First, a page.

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Toronto plans a pilot project to enable motorcycle lane filtering!

  • Jul 11 2018 02:33 AM GTM
  • Category: Others
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Filtering photo via Motorbike Writer

Toronto is the first city in Canada to adopt road use and parking provisions to encourage motorcycle use and enhance motorcyclist safety!

On June 26, 2018 a miracle happened in the City of Toronto, three policy changes will enforce designated parking for motorcycles, allow motorcycles to use lanes reserved for buses and taxis and allow motorcycles to filter to the front between stopped vehicles, up to the stop line!

The Proposal

City Council request the General Manager, Transportation Services, in consultation with the Toronto Parking Authority, to report to the Public Works and Infrastructure Committee on:

  • expanding the number of dedicated motorcycle parking zones;
  • the enforcement of motorcycle only parking within those parking zones; and
  • the revenue implications from the ticketing of prohibited vehicles within those zones.

City Council request the General Manager, Transportation Services, to report to the Public Works and Infrastructure Committee on expanding the Designated Class of Vehicles permitted to use the reserved lanes on the following streets to include motorcycles:

  • Bay Street, from Front Street West to Bloor Street East; and
  • Don Valley Parkway, from Lawrence Avenue East to north of York Mills Road.

A pilot project along busy Richmond Street and Adelaide Street corridors would allow motorcycles to filter between stopped vehicles, up to the stop line at controlled intersections where a stop signal is active, and only along lane boundaries that are not adjacent to any curb or pedestrian walkway, with implications for minimizing the risk of rear or front end collisions, and the overall flow of traffic.

Credit to Rider Training Institute (RTI)

The proposals were developed by Rider Training Institute (RTI) a national not-for-profit association that offers comprehensive motorcycle licensing and skills development training programs throughout locations across Ontario.

This is extremely exciting news because it represents a commitment from the city to create reports on how these three items can be accomplished.


The proposal was made by Rider Training Institute (RTI); Course pictured at Central North York

Lane filtering allows motorcycles to move to the front of the line
Filtering is when motorcycles move between cars stopped at a red light to get to the front of the line at stop light. Once the light turns green, the motorcycle can move ahead of traffic. It's not Lane Splitting, which allows motorcycles to ride between vehicles moving on the road.

Filtering reduces rear end collisions
Filtering is actually all about safety. The infamous 1981 Hurt Report states that most common motorcycle accident is a rear end collision. When motorcycles are stopped at lights, something about their small size results in many drivers not approximating space correctly and rear-ending motorcycles. Filtering greatly reduces this threat when stopped at lights. Filtering also reduces congestion and keeps riders cooler because they spend less time waiting in traffic.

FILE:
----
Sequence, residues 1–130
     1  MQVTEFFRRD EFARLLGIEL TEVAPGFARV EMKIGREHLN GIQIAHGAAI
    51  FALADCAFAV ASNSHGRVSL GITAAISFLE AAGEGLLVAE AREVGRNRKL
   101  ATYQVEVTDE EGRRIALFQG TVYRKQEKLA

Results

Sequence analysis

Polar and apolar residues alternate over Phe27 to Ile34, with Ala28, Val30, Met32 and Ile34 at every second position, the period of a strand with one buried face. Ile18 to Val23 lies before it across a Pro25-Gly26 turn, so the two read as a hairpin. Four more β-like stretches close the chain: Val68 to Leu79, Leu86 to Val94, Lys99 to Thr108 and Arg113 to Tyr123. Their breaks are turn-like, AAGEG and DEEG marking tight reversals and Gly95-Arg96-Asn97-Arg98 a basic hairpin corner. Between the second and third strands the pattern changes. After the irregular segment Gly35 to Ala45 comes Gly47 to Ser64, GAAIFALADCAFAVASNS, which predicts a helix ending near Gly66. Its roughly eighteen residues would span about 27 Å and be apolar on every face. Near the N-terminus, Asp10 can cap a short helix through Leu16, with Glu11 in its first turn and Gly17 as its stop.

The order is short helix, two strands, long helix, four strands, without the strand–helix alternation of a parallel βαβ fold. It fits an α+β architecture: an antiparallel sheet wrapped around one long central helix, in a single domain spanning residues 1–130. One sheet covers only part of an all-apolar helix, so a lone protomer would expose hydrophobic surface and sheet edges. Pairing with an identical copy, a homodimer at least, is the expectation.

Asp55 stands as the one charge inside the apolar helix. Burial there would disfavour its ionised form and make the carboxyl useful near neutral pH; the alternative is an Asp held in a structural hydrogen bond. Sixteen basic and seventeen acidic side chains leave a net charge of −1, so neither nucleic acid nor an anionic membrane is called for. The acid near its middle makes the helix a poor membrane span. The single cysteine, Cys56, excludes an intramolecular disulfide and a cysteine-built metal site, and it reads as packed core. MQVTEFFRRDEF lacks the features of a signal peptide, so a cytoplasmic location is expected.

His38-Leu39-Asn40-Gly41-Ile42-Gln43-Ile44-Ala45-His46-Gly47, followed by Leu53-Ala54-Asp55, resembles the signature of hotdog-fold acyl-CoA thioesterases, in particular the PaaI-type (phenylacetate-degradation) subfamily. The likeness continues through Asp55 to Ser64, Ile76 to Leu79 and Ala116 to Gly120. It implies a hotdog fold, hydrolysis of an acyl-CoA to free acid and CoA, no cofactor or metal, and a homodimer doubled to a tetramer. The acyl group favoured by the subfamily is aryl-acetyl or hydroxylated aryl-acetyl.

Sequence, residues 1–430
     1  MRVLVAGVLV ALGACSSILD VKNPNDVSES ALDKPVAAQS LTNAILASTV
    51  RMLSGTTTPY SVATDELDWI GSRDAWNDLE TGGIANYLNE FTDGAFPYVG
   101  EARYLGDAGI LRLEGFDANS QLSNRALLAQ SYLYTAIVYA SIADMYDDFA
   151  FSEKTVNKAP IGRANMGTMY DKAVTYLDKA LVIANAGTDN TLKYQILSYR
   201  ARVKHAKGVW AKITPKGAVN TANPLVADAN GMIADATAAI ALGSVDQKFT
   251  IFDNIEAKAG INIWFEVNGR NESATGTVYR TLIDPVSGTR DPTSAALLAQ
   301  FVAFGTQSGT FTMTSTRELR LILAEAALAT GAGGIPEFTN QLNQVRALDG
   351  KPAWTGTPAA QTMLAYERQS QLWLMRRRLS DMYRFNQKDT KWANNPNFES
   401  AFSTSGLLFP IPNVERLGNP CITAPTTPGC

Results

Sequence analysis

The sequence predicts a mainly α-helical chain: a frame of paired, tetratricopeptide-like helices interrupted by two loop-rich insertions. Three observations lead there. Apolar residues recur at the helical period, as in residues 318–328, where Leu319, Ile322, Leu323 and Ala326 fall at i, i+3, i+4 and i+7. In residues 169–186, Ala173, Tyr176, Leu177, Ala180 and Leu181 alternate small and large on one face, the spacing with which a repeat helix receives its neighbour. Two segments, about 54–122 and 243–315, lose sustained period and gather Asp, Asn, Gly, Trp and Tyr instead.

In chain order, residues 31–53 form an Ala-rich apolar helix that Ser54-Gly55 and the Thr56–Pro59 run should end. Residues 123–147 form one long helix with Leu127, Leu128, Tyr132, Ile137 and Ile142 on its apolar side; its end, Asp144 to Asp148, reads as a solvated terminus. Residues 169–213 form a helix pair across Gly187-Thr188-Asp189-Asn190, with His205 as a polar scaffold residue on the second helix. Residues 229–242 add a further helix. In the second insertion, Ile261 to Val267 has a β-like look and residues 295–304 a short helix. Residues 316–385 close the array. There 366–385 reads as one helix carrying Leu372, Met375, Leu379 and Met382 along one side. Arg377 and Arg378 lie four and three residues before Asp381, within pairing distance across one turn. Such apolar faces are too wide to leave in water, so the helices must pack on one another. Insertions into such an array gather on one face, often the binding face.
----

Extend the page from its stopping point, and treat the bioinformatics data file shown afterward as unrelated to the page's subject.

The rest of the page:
Legislation will support getting more motorcycles on the road
There are a lot of hurdles that we have to clear but these proposals position Toronto as a leader in promoting motorcycles as a viable transportation solution. These proposals will make the roads safer for motorcycle riders and allow riders to fully maximize the benefits of motorcycle use. Elsewhere in the world, except for the US (not including California) filtering and lane splitting is a regular practice.

Policy that helps motorcycle riders filter and eventually lane split are still a few years away but progress is being made. Thanks to RTI's efforts in 2017, motorcycles came to be recognized as a vulnerable road using group so hopefully we can now expect that measures aimed to protect riders will be taken more seriously. This adoption of these proposals is big step in the right direction.

View the City of Toronto adopted policy details here. Thanks to Councillor Anthony Perruzza, and Councillor Gary Crawford for putting the motion through. You can read the write-up from RTI here.

A pilot and studies come next
The city will prioritize the analysis of data and perhaps the creation of studies that will lead to the development of reports for the first two items. Eventually, the reports will be complete, available comment, revised, deliberated upon and eventually voted on. For the lane filtering initiative, the pilot will have to be designed, approved and executed to produce a report. These steps could be take some time however.

Credit: eatsleepride.com